Once Upon a Time:
Updated Well-Rooted FairyTales for the Modern Badass Princess
During my second year of university I enjoyed an enlightening class about Children’s Literature in which we read a good amount of original stories from which my beloved favourite fairytales of Disney were derived. My favourite was Beauty and the Beast, BlueBeard and Peter Pan, and learning about the origins, the violence, the sexism and the various versions that have developed over the years has been such a pull for me. I love the ability interpretation can take on a story, and this brings me to my new favourite show, Once Upon a Time.
It’s been a long journey since I began this show late 2013, and just recently catching up to the televised fourth season this past week, and I want to just say GO WATCH IT instead of telling you the recap, my favourite characters (Obviously Hook, Belle and Rumplestiltskin to name a few) but I want to suggest that the best part of this show is the ability to interpret villains, storylines, and plotlines and melding them into a melting pot of feminist witches and princesses saving themselves, and throwing a new kick-ass twist to a Damzel searching for her Prince.
Once focuses heavily on family in the original storylines depicted as well as the story of Emma Swan and her own family, and understanding identity within those storylines as well as the original fairytales that are fully developed which most characters are aware of. They compare themselves to the storybook that essentially defines their subjectivity and their relationship with their own self. I wish I could seriously go into a Masters of Literature just to compare this show to real literature. IT is THAT kick ass.
The second season sucked, I admit, it was slow, but the third season picked up with a plotline in Neverland and also an Oz interjection that not only re-ignites the idea of “witch,” but also reaffirms the familial bond within any story. It is so staged in some places, but in others it subverts the plotlines, challenges character flaws and is of course entertaining.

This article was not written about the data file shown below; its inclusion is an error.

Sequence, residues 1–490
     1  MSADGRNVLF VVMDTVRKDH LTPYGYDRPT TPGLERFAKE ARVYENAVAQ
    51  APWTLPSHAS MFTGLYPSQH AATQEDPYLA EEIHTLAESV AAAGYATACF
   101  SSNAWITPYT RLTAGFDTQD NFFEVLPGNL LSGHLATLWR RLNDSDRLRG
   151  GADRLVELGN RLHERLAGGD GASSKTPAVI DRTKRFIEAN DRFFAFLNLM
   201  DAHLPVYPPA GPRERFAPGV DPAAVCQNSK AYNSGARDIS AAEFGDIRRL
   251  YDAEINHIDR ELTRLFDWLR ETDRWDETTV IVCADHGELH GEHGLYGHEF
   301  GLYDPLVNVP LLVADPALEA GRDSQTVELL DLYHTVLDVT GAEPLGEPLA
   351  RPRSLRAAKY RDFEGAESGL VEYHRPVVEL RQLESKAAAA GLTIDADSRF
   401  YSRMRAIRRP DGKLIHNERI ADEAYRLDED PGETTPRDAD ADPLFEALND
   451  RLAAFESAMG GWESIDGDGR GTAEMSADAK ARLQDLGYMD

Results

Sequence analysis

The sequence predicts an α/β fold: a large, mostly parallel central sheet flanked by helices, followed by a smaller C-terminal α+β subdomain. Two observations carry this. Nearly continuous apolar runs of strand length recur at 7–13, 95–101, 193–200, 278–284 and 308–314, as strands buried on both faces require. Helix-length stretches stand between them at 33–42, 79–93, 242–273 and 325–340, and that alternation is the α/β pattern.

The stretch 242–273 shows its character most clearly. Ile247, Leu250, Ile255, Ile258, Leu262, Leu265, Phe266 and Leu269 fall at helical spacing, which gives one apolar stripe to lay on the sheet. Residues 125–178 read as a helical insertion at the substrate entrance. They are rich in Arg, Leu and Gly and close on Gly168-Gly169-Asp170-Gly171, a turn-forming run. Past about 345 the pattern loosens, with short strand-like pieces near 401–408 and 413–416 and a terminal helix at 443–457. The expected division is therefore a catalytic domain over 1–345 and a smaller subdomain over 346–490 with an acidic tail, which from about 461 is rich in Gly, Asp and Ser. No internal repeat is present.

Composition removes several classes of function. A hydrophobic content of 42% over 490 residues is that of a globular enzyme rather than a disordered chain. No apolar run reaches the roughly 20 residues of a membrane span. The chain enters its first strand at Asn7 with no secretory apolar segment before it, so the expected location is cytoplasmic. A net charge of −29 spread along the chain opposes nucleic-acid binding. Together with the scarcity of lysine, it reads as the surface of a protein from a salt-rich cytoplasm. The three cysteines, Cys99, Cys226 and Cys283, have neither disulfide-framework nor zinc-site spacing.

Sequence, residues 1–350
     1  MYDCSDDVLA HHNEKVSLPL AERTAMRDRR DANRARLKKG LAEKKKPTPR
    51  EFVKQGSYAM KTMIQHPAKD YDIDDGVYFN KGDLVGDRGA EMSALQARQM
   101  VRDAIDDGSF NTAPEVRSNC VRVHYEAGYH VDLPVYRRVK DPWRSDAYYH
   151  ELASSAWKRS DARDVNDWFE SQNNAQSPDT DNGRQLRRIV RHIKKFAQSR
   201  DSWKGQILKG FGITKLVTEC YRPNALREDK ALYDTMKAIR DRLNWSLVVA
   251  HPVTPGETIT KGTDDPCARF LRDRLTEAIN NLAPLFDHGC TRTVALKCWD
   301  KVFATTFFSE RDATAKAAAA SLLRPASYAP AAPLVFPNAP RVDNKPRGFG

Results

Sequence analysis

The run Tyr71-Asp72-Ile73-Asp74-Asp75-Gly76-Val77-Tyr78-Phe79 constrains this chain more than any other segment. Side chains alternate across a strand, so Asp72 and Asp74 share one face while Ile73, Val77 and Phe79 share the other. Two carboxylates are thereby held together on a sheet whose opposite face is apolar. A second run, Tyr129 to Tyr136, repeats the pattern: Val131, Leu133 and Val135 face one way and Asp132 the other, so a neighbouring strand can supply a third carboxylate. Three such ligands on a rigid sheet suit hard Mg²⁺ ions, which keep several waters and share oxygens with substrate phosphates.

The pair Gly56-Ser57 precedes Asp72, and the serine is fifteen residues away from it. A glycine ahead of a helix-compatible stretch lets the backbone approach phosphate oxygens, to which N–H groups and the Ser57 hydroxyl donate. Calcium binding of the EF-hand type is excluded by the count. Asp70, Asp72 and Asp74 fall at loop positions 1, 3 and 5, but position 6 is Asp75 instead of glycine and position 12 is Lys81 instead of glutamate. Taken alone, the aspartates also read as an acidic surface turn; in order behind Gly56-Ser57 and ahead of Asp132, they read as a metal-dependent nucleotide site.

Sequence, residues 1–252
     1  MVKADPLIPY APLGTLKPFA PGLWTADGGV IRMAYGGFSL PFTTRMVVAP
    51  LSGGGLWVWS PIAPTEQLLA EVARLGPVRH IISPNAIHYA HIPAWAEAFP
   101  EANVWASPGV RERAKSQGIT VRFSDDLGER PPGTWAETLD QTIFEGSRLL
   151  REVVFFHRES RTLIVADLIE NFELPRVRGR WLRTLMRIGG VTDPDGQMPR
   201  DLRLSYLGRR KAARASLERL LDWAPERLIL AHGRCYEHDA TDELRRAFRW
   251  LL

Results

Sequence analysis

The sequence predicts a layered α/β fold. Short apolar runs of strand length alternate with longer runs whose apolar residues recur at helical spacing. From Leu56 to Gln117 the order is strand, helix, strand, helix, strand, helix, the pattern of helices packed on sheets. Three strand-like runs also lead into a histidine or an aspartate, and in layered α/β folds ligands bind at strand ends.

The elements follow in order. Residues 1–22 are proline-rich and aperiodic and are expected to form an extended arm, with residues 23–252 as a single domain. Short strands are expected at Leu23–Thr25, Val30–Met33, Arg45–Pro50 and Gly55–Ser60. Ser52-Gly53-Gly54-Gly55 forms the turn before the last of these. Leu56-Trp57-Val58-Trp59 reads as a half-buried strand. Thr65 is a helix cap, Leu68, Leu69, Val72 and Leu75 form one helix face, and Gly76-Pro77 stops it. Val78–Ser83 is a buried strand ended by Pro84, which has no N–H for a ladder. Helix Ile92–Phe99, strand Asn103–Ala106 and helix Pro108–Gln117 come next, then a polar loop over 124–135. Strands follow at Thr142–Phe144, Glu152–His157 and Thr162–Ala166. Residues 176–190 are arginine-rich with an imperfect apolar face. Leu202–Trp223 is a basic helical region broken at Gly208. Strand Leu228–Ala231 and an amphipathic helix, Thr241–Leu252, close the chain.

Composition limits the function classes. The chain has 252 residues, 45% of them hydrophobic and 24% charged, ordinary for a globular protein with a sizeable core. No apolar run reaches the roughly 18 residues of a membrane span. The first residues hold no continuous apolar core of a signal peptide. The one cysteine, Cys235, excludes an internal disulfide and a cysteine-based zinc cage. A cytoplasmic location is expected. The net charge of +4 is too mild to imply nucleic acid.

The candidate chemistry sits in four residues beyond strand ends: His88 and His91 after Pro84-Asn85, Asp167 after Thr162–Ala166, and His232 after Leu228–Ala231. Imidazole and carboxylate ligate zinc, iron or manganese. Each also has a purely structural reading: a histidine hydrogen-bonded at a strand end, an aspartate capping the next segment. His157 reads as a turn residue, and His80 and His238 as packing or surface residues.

Maybe it is because I grew up dreaming of meeting my Prince Eric who would defeat the evil stepmother with my pet tiger and we would get married in Belle’s finale gown, but I have always had a soft spot for fairytales. The princess being hard-headed, driven, and intelligent and in the business of saving herself, all of these things are massive themes within this television show. The two main villains are a man (Rumplestiltskin, who also doubles as various other villains from stories such as the Crocodile from Peter Pan and the Beast from Beauty and the Beast,) and Regina the evil Queen/Stepmother from Snow White. Regina is brilliant, cunning, feare and extremely driven. She runs from true love, trusts her own instincts, and finds her own happiness as a single mother. Is this not compelling to anyone else?
So if you’re looking for a riveting story about love, family, badass bitches and modern (and ancient) twists on fairytales then I’d check Once Upon a Time out, and give it until the beginning of the third season to pan itself out. I’ve found myself daydreaming I had a red leather jacket and a pirate pining after me for weeks now.